Friday, 25 November 2011


It is such a pity that some members of our political class - a group of individuals who seldom do any creative thinking, sadly - have resorted to bellicose language, ahead of the December 2012 presidential and parliamentary elections.

Apparently, a member of Parliament, incredibly, is even threatening to turn Ghana into another Rwanda, if those he wants to win the elections are prevented from doing so, because of violence. Imagine that, dear reader.

Why do such geniuses not rather spend their energies planning to make the December 2012 elections as fraud-free and foolproof, as it is humanly possible to make them - by, amongst other strategies, distributing smartphones to educated and committed younger members of their party: to enable them monitor the conduct of elections in every polling station in Ghana, from the opening to the closing hours of voting?

If they posted all incidents of election malpractice on YouTube and party websites set up for the purpose, immediately after they occur (or whiles they are occurring!), will that not enable the whole world to see that they have been cheated, if that actually were the case? Why resort to savagery and barbarism?

Will alerting the world by posting electoral fraud online, also not help challenges of election results in the law courts, yield quick and positive results - and negate the outcome of any cheating that might prevent their confounded party from winning power again: if that is the wish of a majority of Ghanaian voters?

Why threaten to turn Ghana into another Rwanda, I ask? It might surprise the Kennedy Adjapongs of the New Patriotic Party (NPP), that so many of the independent-minded individuals (the so-called "floating-voters") whose swing-votes now decide the outcome of elections in Ghana, are wondering whether such violence-prone politicians deserve to rule our nation, at all. Hmm, Ghana - eyeasem oo!

Perhaps it is no accident that Mr. Kennedy Adjapong, the quintessence of wealth-resulting-from-political-patronage and-insider-information (as well as insider-dealing!), is so desperate to see his party, the NPP return to power again.

That genius grew super-rich at the apogee of the golden age of business for Kufuor & Co. (during which the African sun shone brightly on people of his lk), when that perfidious lot embarked on a deliberate policy of exploiting our national economy for themselves; their favourites amongst their family clans; sundry bottom-power girlfriends and their favourite crony-capitalist pals.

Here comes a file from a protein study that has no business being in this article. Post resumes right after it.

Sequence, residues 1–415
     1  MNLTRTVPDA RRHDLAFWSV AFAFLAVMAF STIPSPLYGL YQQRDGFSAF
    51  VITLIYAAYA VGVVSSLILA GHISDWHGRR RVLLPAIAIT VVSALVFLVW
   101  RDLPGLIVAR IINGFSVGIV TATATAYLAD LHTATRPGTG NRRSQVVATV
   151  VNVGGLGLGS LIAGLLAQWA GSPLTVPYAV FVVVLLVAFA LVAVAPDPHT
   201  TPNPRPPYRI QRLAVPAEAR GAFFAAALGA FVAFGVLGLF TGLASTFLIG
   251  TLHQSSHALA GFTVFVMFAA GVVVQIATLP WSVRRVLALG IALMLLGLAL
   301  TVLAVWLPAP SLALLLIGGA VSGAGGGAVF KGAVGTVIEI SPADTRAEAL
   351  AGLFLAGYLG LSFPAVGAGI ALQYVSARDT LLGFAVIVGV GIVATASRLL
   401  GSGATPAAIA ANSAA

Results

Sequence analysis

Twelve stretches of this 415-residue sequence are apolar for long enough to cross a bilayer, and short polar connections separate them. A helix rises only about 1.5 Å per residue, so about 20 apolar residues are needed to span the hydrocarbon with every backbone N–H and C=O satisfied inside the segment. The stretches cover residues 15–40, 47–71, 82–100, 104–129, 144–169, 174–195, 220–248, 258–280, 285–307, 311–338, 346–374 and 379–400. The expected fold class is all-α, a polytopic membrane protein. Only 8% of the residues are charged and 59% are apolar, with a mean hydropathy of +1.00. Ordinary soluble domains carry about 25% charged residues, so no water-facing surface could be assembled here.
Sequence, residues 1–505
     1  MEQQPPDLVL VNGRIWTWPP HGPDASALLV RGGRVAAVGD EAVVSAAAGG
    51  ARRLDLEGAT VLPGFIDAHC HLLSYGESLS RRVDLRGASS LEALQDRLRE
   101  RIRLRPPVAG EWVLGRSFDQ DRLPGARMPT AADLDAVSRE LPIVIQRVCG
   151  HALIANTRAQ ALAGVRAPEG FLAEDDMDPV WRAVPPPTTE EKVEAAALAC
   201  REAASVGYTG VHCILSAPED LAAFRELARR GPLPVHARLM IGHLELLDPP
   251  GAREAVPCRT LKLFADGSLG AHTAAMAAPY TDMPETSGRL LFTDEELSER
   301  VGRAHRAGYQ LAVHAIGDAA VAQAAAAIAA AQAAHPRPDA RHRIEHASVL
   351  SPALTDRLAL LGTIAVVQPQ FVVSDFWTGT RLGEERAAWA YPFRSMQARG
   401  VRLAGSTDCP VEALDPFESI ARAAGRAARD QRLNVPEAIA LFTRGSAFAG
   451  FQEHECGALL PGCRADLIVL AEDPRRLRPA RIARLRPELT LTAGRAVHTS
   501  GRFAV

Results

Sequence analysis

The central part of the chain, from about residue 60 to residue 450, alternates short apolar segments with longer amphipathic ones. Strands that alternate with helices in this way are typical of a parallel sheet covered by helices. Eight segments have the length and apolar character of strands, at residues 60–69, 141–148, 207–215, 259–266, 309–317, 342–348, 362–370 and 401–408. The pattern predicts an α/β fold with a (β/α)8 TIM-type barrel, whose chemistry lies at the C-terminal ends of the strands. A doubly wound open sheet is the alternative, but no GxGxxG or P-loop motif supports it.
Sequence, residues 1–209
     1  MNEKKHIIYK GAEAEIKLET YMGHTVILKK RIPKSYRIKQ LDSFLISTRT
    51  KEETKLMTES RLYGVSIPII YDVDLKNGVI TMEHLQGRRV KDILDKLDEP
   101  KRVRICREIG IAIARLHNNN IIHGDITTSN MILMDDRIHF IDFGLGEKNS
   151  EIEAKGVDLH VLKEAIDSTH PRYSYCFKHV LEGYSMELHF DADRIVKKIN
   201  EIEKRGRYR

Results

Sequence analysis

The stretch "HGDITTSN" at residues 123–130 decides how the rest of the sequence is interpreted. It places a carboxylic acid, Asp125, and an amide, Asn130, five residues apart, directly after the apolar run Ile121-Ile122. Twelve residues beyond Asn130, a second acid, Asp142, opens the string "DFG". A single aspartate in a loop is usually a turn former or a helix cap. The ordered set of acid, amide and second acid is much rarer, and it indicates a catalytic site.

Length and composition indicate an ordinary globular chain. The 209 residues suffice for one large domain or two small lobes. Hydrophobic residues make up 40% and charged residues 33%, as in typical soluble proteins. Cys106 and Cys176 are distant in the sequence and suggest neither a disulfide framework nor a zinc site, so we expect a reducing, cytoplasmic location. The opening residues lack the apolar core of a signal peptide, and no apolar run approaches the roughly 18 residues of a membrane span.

That is precisely why more than anyone else, instead of threatening mayhem in Ghana, he ought to be spending some of his time thinking of ways of ensuring the continued stability of Ghana - so that wealthy businesspeople like him can continue to seize opportunities to make further investments, which may crop up as our economy expands further and Ghana's burgeoning middle class adds yet more numbers to its fold.

For the benefit of clever people like the Hon. Kennedy Adjapong, I am posting an article written by the New York Times' Michael Schwirtz, entitled: "In Russia, Handheld Election Monitors". It was published in the paper's print edition on November 24, 2011, and posted on its online version the same day.

With respect, one hopes that the Hon. Kennedy Adjapong and his ilk (from across the spectrum!) will learn a lesson or two, from reading it - and refrain from threatening to plunge Ghana into chaos and turning it into yet another Rwanda. God give us patience, dear reader. Please read on:

"In Russia, Handheld Election Monitors

MOSCOW — When a small-town mayor from Russia’s governing party recently offered tens of thousands of dollars in government cash to a veterans group in exchange for votes in next month’s parliamentary elections, it appeared to be business as usual.

Violations of Russia’s election rules no longer evoke much surprise here, and in the past the episode would have probably gone unnoticed, or at least unpunished.

But this is the era of the smartphone.

Someone recorded the mayor’s speech and uploaded the video to YouTube. Along with the promise of cash was a threat to cut off the elderly veterans if they failed to vote for the party, United Russia, which is led by Prime Minister Vladimir V. Putin.

“If people don’t support the party that is actually doing something, what’s the point of financing them?” the mayor, Denis V. Agashin, asked veterans at a gathering in the town of Izhevsk, according to the video. “If this is the case, it’s clear the people don’t need anything.”

The video was widely circulated, provoking calls for the mayor’s ouster. Last week a court found him guilty of breaking election rules and fined him. His opponents have vowed to seek harsher disciplinary measures.

It was a small victory in the fight against electoral malfeasance in Russia, one that has underscored the increasing potency of a new kind of election monitor here: common citizens armed with smartphones, digital recorders and cameras.

Such activity comes at an inauspicious time for United Russia. Flagging in the polls, the party has become vulnerable to attacks among Russia’s typically raucous and increasingly influential Internet commentariat.